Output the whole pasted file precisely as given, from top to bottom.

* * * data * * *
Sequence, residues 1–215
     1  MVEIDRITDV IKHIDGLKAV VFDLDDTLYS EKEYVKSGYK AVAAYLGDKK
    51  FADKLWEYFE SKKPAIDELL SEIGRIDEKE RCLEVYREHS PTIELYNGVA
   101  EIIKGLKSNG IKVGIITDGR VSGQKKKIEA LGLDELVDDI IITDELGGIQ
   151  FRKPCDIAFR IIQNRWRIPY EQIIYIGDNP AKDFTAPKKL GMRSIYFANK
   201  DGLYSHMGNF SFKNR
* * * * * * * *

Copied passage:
Sequence, residues 1–215
     1  MVEIDRITDV IKHIDGLKAV VFDLDDTLYS EKEYVKSGYK AVAAYLGDKK
    51  FADKLWEYFE SKKPAIDELL SEIGRIDEKE RCLEVYREHS PTIELYNGVA
   101  EIIKGLKSNG IKVGIITDGR VSGQKKKIEA LGLDELVDDI IITDELGGIQ
   151  FRKPCDIAFR IIQNRWRIPY EQIIYIGDNP AKDFTAPKKL GMRSIYFANK
   201  DGLYSHMGNF SFKNR